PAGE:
Don't get me wrong - I'm not beating a drum here for the proliferation of static speed cameras as a some panacea for the speeding problem. But can a Police force with a single white van with a camera in the back serving nearly 600,000 people really claim to be serious about speed? Listening to the frustrations of residents last night makes me think that the Police need to be open to a genuine discussion with our communities about this issue. If the PACT process can do that, then it truly will have earned the respect of the people it serves.

Monday, September 28, 2009

Monday Morning Smile

I caught some of the commentary from the Singapore Grand Prix yesterday. With the drivers pressing special buttons to gain momentary advantage, I was reminded of this classic cartoon show from the 70's.

Nick's Monday Morning Quiz

Without watching the clip first, how many drivers and their cars can you name? Bonus points for getting their numbers right too!

Tuesday, September 22, 2009

In Memoriam

You know how it is. You've finally wrestled your Cabinet report to Council into some sort of shape. You know that newsletter isn't going to write itself. But still you end up browsing YouTube for bits and pieces.

And that's how I came across this recording of the old Radio 4 theme, which played every morning before 5.50am between the closing of the World Service and the start of the Today programme, from 1978 until 2006.

It's easy to mock the people who wrote in their thousands when Mark Damazager, the station's controller, declared that he was axing the theme. Don't these people have anything better to complain about? But I was really cross when the theme went. It seemed to me it was a needless change - just how many "news briefings" do Radio 4 listeners need?

The theme was personally important to me as a constant reference point. Of course I didn't listen to it everyday - it's a bit naff, and the composition isn't great - but it was always there. I first heard it when I was studying for school exams, and fruitlessly got up very early in the morning for last minute cramming. And every now again I'd come across it - taking James to swimming, or getting up early for work. And it was a reassuring point of continuity in a changing, confusing world.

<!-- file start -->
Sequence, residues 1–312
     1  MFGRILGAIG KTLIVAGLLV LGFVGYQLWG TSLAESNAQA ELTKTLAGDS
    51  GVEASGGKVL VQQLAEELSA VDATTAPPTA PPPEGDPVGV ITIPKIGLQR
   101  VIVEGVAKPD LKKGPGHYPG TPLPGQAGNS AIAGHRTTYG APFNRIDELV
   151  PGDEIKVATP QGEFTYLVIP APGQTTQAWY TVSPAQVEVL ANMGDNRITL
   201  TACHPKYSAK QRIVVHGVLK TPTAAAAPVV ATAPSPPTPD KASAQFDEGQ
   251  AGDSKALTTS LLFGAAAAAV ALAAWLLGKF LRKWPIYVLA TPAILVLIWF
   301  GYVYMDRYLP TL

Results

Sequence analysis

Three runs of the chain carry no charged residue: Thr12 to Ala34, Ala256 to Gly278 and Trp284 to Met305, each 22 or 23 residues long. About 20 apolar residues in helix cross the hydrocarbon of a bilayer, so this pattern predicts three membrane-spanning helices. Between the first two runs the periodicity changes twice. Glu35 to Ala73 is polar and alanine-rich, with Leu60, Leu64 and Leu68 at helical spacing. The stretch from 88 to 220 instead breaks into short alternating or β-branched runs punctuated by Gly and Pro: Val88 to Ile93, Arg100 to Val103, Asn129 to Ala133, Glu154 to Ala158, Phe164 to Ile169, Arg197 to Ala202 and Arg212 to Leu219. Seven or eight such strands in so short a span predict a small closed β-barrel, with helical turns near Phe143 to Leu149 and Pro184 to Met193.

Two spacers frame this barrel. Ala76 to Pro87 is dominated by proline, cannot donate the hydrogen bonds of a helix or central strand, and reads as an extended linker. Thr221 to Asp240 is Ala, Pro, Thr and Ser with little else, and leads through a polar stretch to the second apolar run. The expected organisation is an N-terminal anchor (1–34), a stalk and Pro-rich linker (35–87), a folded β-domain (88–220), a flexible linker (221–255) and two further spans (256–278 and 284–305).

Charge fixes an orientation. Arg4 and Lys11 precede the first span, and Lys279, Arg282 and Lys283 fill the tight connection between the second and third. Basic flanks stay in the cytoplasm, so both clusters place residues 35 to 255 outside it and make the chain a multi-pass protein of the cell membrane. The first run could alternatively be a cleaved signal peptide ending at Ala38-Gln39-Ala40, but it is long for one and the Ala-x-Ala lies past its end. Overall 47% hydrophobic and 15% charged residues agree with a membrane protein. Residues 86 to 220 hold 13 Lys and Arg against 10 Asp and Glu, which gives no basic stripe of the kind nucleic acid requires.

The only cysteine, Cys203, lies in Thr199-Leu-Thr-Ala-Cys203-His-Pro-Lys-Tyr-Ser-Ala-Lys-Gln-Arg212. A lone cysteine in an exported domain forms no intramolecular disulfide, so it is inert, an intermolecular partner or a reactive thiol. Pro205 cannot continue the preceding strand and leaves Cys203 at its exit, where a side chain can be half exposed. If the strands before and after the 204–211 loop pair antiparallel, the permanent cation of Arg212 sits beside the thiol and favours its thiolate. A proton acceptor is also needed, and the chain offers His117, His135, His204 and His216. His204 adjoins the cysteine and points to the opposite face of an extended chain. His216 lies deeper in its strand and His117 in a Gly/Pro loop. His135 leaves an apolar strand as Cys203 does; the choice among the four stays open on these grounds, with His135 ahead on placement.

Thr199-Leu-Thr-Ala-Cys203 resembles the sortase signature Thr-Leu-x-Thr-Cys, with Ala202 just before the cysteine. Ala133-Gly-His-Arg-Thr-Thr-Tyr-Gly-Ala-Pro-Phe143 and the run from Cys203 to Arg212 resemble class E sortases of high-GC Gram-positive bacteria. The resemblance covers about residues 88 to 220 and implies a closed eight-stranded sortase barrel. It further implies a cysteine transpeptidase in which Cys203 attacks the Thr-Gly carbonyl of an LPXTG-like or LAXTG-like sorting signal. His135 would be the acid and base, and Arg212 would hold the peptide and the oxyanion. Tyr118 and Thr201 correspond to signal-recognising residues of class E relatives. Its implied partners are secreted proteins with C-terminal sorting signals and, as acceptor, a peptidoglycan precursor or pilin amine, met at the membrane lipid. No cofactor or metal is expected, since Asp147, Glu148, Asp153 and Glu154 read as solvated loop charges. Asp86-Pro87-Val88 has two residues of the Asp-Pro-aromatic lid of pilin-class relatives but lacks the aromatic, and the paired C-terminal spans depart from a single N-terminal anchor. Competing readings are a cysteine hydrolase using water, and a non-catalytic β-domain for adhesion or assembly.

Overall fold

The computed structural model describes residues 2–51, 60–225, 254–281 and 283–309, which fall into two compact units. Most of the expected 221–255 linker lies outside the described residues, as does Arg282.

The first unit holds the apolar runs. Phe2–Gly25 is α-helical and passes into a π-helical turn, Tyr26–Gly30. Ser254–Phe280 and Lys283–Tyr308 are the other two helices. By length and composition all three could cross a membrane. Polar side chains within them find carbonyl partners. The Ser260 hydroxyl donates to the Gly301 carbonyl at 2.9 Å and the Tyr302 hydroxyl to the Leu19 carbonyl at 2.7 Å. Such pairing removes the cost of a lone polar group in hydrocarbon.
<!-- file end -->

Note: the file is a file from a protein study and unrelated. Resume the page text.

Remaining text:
It's gone now. But if you appreciated what it represented, enjoy it one more time with me.

Sunday, September 20, 2009

Darlington Gro-Zone

Darlington Mayor Jim Ruck opens Gro-Zone at Lingfield Point
Presentation at the Darlington Gro-Zone

On Saturday morning, together with Sandy and James, I went along to the launch of the Gro-Zone at Lingfield Point. Most of the people attending had expressed an interest in joining up.

Gro-Zone is a collaboration between Marchday Holdings, who operate Lingfield Point, and Darlington Friends of the Earth. The launch was supported too by Darlington Borough Council. Basically, it's an attempt to provide space for people keen to grow their own - with Darlington Council's own allotments over-subscribed, it's a great idea.

Around 1,000 square metres are available. There aren't any fixed ideas yet on how the scheme will develop, but it might include communal space. The soil is poor, apparently (unsurprising given it was once industrial land) so large bags may be used to grow fruit and vegetables. John Wades, who partner the Council on waste disposal, have kindly agreed to provide topsoil.

It's a great initiative, and one I'm happy to promote. The videos show Peter Roberts from Friends of the Earth introducing the morning, and then our own Mayor Cllr. Jim Ruck ceremonially planting a plum tree to launch the scheme. The second video has Eddie Humphries from Marchday saying more about the idea.

Sunday, September 13, 2009

Shooting the Messenger

I suppose I wasn't entirely surprised to read in Saturday's Echo that Darlington's Tories would scrap the Town Crier should they ever wield power in the Council Chamber again. My fellow blogger and Echo editor Pete Barron has lauded their stand today.